Since long-time public radio reporter Bente Birkeland first broke the news of multiple allegations of sexual harassment against Democratic state Rep. Steve Lebsock (D-Thorton), three more Republican state lawmakers have been accused of sexual misconduct.
In Lebsock’s case, there was an all-out media blitz that ensued for weeks following the original report, and rightfully so. Lebsock’s alleged abuses were many, and his bewildering response, including a frantic denial of the accusations, was newsworthy, to say the least.
But there’s another key reason why Lebsock’s case received so much coverage – his own Democratic colleagues in the General Assembly, joined by numerous leading Colorado Democrats, were ready and willing to take action by calling for his resignation and denouncing him en masse, including stripping his power by removing him from his committee chairmanship.
Democratic leaders also stripped state Rep. Paul Rosenthal (D-Denver) of his role of vice-chair of the Local Government Committee, even though he was eventually cleared of his sexual misconduct charges, after it was determined that the incident occurred before he became a lawmaker.
The Democrats, for their part, did what we ought to expect of people who possess a modicum of decency and respect for women, and their vocal lack of tolerance for sexual misconduct is commendable given the potential political risk of hanging their dirty laundry out to dry in front of the media, and consequently, voters.
Republicans at the capitol, however, have been notably less outspoken and transparent when it comes to the undeniable problem of sexual harassment within their ranks.
Republican lawmakers who have been accused of sexual harassment at the capitol include state Sens. Randy Baumgardner (R-Hot Sulphur Springs) and Jack Tate (R-Centennial), and, most recently, Sen. Larry Crowder (R-Alamosa), and they’ve had much less reproach to endure from their colleagues, and consequently, scrutiny from the media.
Senate President Kevin Grantham, for example, hasn’t removed any of the accused Republicans from committee chairmanships. And Baumgardner continues to sponsor a high priority transportation bill, Senate Bill 1.
When asked by The Denver Post if Baumgardner should resign, Senate President Pro Tem Jerry Sonnenberg, the chamber’s No. 2 Republican, said, “I have nothing to add. Let’s talk about those issues that the vast majority of people want to talk about in Colorado,” such as “how are we going to fix our roads.”
The Denver Post’s John Frank, to his credit, reported on the lack of transparency from Grantham, who wouldn’t promise to make public the results of the investigative report into Baumgardner’s behavior, or say what disciplinary action will be taken.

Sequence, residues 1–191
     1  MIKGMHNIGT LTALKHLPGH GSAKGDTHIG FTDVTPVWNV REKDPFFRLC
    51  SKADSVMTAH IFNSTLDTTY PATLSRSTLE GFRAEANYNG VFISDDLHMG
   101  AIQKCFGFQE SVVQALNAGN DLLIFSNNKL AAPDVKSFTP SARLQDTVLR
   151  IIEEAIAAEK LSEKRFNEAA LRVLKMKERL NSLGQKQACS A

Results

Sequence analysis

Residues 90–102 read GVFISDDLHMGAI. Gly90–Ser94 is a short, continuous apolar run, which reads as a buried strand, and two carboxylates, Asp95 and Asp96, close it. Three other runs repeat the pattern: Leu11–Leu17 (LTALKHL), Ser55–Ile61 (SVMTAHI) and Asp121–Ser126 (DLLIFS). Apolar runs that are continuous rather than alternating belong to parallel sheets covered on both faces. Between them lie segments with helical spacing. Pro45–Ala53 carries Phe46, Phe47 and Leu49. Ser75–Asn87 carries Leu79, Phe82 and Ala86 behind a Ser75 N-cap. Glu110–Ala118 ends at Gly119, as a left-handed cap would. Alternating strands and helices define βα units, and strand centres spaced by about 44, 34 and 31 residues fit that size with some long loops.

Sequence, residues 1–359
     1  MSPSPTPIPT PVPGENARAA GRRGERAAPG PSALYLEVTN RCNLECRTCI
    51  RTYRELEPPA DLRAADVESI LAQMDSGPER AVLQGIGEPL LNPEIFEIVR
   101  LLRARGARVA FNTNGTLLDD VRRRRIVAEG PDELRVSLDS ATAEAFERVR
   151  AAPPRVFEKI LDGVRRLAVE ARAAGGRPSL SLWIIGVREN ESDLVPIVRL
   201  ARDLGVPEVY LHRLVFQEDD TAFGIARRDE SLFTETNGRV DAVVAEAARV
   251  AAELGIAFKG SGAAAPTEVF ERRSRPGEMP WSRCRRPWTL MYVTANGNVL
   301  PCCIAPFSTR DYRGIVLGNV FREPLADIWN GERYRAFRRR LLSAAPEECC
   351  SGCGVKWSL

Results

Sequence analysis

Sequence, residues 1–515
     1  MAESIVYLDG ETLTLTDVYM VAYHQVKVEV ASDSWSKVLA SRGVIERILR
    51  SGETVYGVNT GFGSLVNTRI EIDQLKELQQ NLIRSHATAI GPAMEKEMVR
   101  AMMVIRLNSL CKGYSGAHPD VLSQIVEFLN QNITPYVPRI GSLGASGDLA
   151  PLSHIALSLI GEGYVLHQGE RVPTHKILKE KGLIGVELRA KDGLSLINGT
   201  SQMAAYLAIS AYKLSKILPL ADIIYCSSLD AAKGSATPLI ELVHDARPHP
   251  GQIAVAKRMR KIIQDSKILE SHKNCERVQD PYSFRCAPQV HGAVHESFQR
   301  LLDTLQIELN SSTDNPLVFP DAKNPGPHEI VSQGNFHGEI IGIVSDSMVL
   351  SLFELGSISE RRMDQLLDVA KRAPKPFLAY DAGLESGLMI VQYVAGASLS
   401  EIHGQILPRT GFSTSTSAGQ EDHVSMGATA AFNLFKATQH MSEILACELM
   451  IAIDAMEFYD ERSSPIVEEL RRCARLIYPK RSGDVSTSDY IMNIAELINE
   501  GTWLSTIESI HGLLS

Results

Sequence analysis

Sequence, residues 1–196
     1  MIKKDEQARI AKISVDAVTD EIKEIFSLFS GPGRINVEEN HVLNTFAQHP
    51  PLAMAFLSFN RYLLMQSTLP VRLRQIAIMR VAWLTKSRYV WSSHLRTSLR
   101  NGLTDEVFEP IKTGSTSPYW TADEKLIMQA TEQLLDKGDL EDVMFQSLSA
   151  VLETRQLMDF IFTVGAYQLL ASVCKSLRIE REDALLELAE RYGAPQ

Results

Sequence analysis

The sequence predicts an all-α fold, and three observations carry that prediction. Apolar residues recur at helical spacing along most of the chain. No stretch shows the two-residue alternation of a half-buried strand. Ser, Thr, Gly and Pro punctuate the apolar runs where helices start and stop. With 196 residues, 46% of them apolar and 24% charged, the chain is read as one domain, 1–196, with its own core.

It’s worth pointing out, however, that coverage surrounding Baumgardner didn’t ramp up until he faced a unilateral call from Democrats to resign, and leading Republicans weren’t pressed on the issue until the complaint against him was found to be credible by an outside investigation.
In an article yesterday, also in The Denver Post, Grantham described Democrats’ calls for Baumgardner to resign as a “partisan circus.”
And silence and inaction from top Republicans aren’t just morally reprehensible in the abstract; it endangers women at the capitol every single day, a fact which should be plainly presented in the news every single day until sexual abusers are held accountable.
It’s understandable that reporters cover concrete developments in stories, or stories around which important people are making noise. But if there’s anything the #metoo movement has taught us, it’s that the stories that have been shrouded in silence, where little action is taken and few conversations ensue, are most important to tell.
Birkeland, the KUNC radio reporter who has for months been breaking news on sexual harassment at the capitol, seems to have grasped that fact.
For example, Birkeland was the first to report on the lack of transparency from Grantham and the fact that Capitol rules regarding the confidentiality of the investigation process may be cited as a reason not to make the disciplinary outcome of that process public, triggering Frank’s Denver Post report.
And, in late January, after the #metoo buzz the capitol had all but subsided, Birkeland published another KUNC report in which she checked back in on the mood at the capitol as formal complaints of sexual misconduct were still “looming in the background” – and pointed out the fact that Republicans accused of harassment weren’t seeing any punishment from their peers.
Just as the media has reported on Democrats’ active support for victims and calls for abusers to resign, they ought to report Republicans’ sluggishness, or reluctance to act at all, with equal or even greater scrutiny.
For example, the allegations against Tate — namely, a formal complaint against him for allegedly making repeated inappropriate sexual comments toward an intern — have barely garnered any media coverage at all, much less comment from his colleagues. Tate continues to serve as chairman of the Senate Business, Labor, and Technology Committee.
And with the recent news that Crowder allegedly assaulted and harassed fellow lawmaker Susan Lontine, it’s well worth asking what it will take for Senate Republicans to finally own up to the misogyny within their caucus and do anything at all to protect women at the capitol from sexual violence.
Reporters need to ask them every day.